Many Qawmi madrasa teachers and students had joined the war in Afghanistan in the 1980s to join hands with the local Mujahideens there against the then Soviet occupational force. Inspired by al-Qaeda, they later launched the Bangladesh faction of militant group Huji eyeing to establish Islamic rule here.
Harkat-ul Jihad al-Islami Bangladesh (HujiB) announced its formation officially on April 30, 1992 from a press conference at the National Press Club with Maulana Abdus Salam as its chief.
Other top brass included Shaikhul Hadith Allama Azizul Haq, who served as the chief of Islami Oikya Jote (IOJ), and Muhammad Habibur Rahman alias Bulbuli Huzur of Bangladesh Khelafat Majlish, and Mufti Izharul Islam Chowdhury, principal of Lalkhan Madrasa in Chittagong.
The group first hit the headlines by carrying out an attack on poet Shamsur Rahman at his home on January 18, 1999. They later bombed a cultural function of Udichi in Jessore on March 6, 1999 in which 10 persons were killed and over 100 injured.
Until January 27, 2005 when they killed former finance minister Shah AMS Kibria and four others, the members of HujiB carried out at least 13 attacks killing 105 people and injuring more than 700 others.
Then the BNP-Jamaat government banned the militant group on October 17, 2005. The Home Ministry note banning HujiB read: "Harkat-ul Jihad Al-Islami is a self-proclaimed terrorist organisation. Its activities are very sensitive and it is identified as a terrorist organisation.”
Most of its top leaders including Mufti Abdul Hannan and Mufti Abdur Rouf have been arrested in connection with the attacks and are now facing trials. But detectives say the group is now divided into three parts but are trying to reorganise.
Earlier it enjoyed support from local politicians linked to the BNP, Jamaat and IOJ. It also received support from outlawed militant group Jama'atul Mujahideen Bangladesh (JMB), Pakistan's spy agency ISI, Pakistani militant groups Lashkar-e-Taiba, Asif Reza Commando Force (ARCF) and Jaish-e-Mohammed (JeM), Indian separatist group Ulfa and Myanmar-based Rohingya Solidarity Organisation (RSO).
It was also reported that a 25-member team of Taliban operatives reached Bangladesh in June, 2001 to train HujiB cadres. Over three dozen members of HujiB were also arrested in Saudi Arabia and Bolivia in 2003 on suspicion of planning terrorist acts.
Monirul Islam, chief of Counter-Terrorism and Transnational Crime unit, said: “The outfit used to get financial support from influential people and it made them strong and ferocious. Instigated by the financiers, they conducted the grenade attack on an Awami League rally on August 21, 2004.”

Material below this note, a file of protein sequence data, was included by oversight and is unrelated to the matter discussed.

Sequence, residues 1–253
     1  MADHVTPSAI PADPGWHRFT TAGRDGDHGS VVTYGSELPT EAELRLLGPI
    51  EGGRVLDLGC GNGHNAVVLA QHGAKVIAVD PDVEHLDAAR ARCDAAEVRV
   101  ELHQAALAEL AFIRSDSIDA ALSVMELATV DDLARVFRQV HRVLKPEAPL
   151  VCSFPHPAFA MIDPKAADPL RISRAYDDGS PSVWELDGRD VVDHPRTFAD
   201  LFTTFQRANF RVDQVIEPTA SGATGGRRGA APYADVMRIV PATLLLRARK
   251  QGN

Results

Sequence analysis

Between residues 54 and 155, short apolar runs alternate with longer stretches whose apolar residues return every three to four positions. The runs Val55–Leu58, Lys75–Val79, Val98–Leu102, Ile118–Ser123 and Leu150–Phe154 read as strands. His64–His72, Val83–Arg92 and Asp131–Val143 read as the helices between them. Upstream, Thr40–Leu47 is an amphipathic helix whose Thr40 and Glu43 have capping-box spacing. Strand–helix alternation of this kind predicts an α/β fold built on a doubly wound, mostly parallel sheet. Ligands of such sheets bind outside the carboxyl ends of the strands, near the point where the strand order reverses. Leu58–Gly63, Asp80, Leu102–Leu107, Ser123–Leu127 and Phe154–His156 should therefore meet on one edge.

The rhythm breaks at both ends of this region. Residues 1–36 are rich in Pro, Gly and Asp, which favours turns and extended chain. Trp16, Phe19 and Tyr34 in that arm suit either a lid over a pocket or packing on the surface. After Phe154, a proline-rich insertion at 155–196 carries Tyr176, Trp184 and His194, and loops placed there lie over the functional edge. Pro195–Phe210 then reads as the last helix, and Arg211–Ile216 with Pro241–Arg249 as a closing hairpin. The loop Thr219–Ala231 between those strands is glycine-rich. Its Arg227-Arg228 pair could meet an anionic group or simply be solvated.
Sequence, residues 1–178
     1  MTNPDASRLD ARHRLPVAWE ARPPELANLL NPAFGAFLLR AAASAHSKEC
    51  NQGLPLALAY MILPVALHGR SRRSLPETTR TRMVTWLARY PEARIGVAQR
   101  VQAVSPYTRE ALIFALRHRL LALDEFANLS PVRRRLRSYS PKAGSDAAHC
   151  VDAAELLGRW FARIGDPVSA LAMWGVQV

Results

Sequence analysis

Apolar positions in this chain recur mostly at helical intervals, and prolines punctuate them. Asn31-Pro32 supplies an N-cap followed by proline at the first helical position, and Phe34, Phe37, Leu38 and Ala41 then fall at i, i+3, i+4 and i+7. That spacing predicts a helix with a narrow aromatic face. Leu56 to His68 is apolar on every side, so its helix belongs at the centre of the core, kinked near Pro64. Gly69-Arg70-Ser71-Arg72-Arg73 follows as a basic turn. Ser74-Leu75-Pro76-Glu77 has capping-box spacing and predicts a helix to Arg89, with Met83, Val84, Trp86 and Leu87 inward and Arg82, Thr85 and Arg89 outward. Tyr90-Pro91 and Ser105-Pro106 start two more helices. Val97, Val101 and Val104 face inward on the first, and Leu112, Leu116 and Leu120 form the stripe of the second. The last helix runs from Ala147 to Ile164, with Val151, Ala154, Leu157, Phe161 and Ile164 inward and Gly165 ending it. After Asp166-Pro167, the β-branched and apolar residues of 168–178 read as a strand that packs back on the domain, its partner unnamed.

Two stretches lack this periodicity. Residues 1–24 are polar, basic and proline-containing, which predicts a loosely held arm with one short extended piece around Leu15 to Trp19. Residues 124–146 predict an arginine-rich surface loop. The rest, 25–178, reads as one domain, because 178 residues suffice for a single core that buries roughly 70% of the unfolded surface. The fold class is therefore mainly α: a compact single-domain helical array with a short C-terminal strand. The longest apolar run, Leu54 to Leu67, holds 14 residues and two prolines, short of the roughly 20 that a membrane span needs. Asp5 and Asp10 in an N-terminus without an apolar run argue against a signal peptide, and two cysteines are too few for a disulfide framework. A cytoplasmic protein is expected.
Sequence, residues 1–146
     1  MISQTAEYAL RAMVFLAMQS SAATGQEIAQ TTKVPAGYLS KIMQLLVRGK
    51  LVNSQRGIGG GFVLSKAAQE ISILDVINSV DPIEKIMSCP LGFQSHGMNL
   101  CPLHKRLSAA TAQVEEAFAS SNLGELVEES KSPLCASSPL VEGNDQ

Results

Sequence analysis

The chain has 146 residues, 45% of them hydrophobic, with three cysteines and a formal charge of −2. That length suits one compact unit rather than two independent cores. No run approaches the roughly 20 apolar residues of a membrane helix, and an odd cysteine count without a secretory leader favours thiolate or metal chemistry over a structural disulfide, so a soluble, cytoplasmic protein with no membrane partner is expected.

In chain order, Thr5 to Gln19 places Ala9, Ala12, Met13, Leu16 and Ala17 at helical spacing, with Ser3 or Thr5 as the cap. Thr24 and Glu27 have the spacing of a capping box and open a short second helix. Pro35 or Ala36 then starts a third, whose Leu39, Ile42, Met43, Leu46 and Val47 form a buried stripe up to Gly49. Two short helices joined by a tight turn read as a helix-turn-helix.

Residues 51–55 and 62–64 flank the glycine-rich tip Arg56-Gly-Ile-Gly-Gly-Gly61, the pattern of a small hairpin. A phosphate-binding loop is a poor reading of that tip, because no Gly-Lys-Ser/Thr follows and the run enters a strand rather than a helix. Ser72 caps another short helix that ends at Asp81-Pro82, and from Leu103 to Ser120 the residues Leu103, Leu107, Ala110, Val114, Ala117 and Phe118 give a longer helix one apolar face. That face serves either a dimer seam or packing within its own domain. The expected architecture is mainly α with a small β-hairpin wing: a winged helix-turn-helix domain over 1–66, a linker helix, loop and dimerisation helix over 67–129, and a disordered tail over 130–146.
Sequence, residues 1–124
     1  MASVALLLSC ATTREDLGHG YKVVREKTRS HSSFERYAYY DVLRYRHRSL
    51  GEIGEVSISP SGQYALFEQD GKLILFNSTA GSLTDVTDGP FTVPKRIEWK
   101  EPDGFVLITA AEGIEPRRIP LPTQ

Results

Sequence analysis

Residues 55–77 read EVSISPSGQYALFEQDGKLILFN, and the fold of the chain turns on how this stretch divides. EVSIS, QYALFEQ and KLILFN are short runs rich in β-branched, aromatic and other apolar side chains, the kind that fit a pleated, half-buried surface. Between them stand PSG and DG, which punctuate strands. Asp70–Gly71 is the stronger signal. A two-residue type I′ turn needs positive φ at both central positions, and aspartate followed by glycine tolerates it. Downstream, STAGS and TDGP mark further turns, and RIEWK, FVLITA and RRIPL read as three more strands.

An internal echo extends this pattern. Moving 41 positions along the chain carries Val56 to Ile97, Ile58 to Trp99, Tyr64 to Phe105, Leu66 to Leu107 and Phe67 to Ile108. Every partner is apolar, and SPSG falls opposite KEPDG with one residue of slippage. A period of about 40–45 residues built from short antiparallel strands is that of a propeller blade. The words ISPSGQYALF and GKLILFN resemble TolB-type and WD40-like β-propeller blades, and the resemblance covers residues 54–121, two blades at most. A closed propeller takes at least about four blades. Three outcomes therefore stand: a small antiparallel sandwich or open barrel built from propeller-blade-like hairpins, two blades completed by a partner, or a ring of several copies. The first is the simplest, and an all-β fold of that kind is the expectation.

He thinks that the outfit has lost its strength as most of their leaders and supporters are now either in jail or on the run.
According to intelligence information, the three HujiB factions are led by Mufti Hannan, Mufti Rouf and Abdus Salam. Of them, Salam is absconding and believed to be leading the group from abroad.
Leaders of the three groups held meetings several times to unite, but it has not been possible because of Salam's opposition.
Many of its members have joined different active militant groups like the JMB and Ansarullah Bangla Team, and are believed to be taking part in the recent targeted killings.
Police's detective branch has got information after interrogating Mufti Maulana Nazimuddin, Engineer Saiduzzaman and Anas, who were arrested from Old Dhaka on July 23, that the factions are working to strengthen its organisational activities.
Mahfuza Afroz Lucky, senior assistant commissioner of DB police, said: “Although the outfit is now weak, its members are trying to re-unite again. As a part of it, money is coming from someone in the Middle East. The arrestees have told us that they are using the money to bear costs of cases and release the detained leaders and members.”
The group first saw split in 1998 when Mufti Hannan and Mufti Rouf formed Islamic Gono Andolon. After its ban in 2005, Gono Andolon was renamed Sacheton Islami Janata on August 19, 2006.
The outfit enjoyed impunity during the military-backed caretaker government when they organised rallies and processions under the banner of Sachetan Islami Janata. The faction led by Salam even floated Islamic Democratic Party (IDP) with a 15-member convening committee in May, 2008 to contest the national election in December. But the IDP did not get party registration.